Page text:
News & Events

Investments in UMFK, UMPI to be on November ballot

Campus and community leaders are lauding the Legislature and Governor Paul R. LePage for supporting a $49 million investment in the University of Maine System’s workforce development infrastructure that voters will be asked to approve this fall.

In July, Governor LePage signed the University bond bill which the entire Aroostook County legislative delegation voted for, including Senators Troy Jackson and Michael Carpenter and Representatives Chris Johansen, John Martin, Danny Martin, David McCrea, Carol McElwee, Roger Sherman, Trey Stewart and Dustin White. On Thursday, the Secretary of State announced that the University bond would appear as Question 4 on the ballot, as determined by a random drawing.

If Question 4 is successful at the ballot box in November, the University of Maine at Presque Isle and the University of Maine at Fort Kent would share in $7.5 million that would be invested to produce more job-ready graduates in the sectors where rural Maine most needs workers, like nurses.

The $49 million bond would additionally be matched by private and other public monies.

“Maine’s economic success depends upon a skilled workforce. From rural nursing homes and hospitals to Main Street banks and small businesses to national insurance companies, Maine employers say University of Maine System graduates are their top talent — they just need more of them,” said Chancellor James H. Page, a Caribou native and UMFK graduate. “For less than the State now spends to build just one new high school, this bond will fund critical improvements in our campuses that make them more competitive in recruiting and retaining the students who are Maine’s future workforce. The proposed investments are part of a University facilities plan that prioritizes renovation projects and the removal of outdated space to achieve millions in on-going operational savings that will help maintain affordability for our students and their families.”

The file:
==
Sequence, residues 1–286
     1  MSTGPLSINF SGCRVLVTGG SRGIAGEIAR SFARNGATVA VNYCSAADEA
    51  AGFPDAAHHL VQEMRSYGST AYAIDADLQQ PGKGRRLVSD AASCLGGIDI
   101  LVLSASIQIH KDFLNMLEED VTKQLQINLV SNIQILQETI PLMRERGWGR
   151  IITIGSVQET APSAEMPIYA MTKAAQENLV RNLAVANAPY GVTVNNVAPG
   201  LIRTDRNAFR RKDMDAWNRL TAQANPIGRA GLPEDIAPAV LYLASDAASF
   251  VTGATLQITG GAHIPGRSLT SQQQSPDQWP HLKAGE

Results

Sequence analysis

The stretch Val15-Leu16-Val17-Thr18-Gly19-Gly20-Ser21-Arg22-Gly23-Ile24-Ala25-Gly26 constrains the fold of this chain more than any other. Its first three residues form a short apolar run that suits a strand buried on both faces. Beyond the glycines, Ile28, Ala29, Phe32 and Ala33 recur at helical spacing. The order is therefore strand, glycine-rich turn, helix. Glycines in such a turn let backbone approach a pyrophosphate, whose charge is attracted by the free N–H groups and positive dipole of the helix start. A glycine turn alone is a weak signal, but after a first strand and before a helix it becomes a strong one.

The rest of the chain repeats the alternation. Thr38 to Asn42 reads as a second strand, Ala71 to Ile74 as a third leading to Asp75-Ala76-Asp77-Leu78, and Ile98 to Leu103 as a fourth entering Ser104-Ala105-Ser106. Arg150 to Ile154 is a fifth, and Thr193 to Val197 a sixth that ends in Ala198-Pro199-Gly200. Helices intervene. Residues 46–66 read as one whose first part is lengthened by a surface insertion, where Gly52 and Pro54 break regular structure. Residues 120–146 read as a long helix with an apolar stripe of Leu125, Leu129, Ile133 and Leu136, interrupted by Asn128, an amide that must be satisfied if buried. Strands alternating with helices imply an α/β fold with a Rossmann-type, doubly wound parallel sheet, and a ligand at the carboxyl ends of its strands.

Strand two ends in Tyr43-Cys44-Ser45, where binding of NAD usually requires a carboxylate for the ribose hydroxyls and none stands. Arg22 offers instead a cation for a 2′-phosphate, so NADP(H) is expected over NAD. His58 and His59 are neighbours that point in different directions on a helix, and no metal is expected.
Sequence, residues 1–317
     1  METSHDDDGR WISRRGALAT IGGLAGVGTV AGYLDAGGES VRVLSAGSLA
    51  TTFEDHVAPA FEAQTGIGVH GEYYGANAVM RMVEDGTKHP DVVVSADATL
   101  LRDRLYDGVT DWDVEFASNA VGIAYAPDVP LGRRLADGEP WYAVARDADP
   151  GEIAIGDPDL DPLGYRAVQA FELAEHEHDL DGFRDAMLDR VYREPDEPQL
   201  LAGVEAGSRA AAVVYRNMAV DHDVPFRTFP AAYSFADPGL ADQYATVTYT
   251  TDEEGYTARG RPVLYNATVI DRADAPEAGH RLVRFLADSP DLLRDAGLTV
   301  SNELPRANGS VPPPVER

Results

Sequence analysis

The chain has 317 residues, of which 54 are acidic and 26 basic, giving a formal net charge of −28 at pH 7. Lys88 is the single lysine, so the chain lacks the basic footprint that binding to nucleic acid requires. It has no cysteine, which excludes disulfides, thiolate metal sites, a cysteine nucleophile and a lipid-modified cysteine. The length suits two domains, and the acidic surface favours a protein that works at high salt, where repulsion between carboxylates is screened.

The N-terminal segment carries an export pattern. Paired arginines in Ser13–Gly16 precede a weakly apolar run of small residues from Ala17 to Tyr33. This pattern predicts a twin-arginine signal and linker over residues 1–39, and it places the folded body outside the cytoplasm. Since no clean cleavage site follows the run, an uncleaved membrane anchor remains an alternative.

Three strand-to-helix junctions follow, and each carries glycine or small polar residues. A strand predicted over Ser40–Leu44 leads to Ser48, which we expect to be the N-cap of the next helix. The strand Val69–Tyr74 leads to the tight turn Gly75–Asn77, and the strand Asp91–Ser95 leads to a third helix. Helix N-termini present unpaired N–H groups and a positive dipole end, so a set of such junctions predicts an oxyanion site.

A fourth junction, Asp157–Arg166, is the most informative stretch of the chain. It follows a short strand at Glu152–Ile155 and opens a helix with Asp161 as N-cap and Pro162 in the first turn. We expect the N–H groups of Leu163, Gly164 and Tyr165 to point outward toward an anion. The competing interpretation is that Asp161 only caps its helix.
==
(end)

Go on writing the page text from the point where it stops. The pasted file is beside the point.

In a joint statement, UMFK President John Short and UMPI President Ray Rice said, “On behalf of our students and the communities and local employers who depend on our campuses, we thank Governor LePage and the Aroostook County legislative delegation for their leadership and support of this important investment. When approved by voters, this funding will have a truly transformational impact, bringing more students, jobs and opportunity to our campuses and the County.”

Among the planned projects are renovations to Wieden Hall on the Presque Isle campus to modernize healthcare classroom and training labs. In addition to increasing enrollment in allied health programs like physical therapy education, bond-funded investments would bring four-year nursing education to central Aroostook County through a UMFK-led partnership with UMPI. Meanwhile in the St. John Valley, a new student enrollment center would be constructed to house all student and public-facing functions at UMFK and also provide event space for the community.

Kris Doody, RN and CEO of Cary Medical Center and Pines Health Services, said personnel shortages are among the most critical challenges that confront Maine’s rural hospitals.

“Given Maine’s aging healthcare workforce, the success and sustainability of Cary Medical Center and other rural providers demands that Maine’s public universities produce more qualified clinicians, especially nurses,” Doody, a University of Maine at Presque Isle alumna and member of the UMFK Board of Visitors, said. “By increasing classroom capacity, these investments will allow our Universities to expand healthcare program enrollment and their ability to develop the highly skilled workforce we need to care for our communities.”

The University of Maine System has an annual enrollment of nearly 30,000 students and positively impacts the lives of hundreds of thousands of Mainers each year through its educational and cultural offerings as well as outreach and public service to individuals, businesses, organizations and policymakers. The System has an estimated $1.5 billion total statewide economic impact each year, a return of $7.50 for every dollar of State appropriation. Two-thirds of its alumni—more than 120,000 people—live in Maine.

For more information about the University of Maine System’s workforce infrastructure bond and how it will be invested to strengthen Aroostook County, visit www.maine.edu/invest.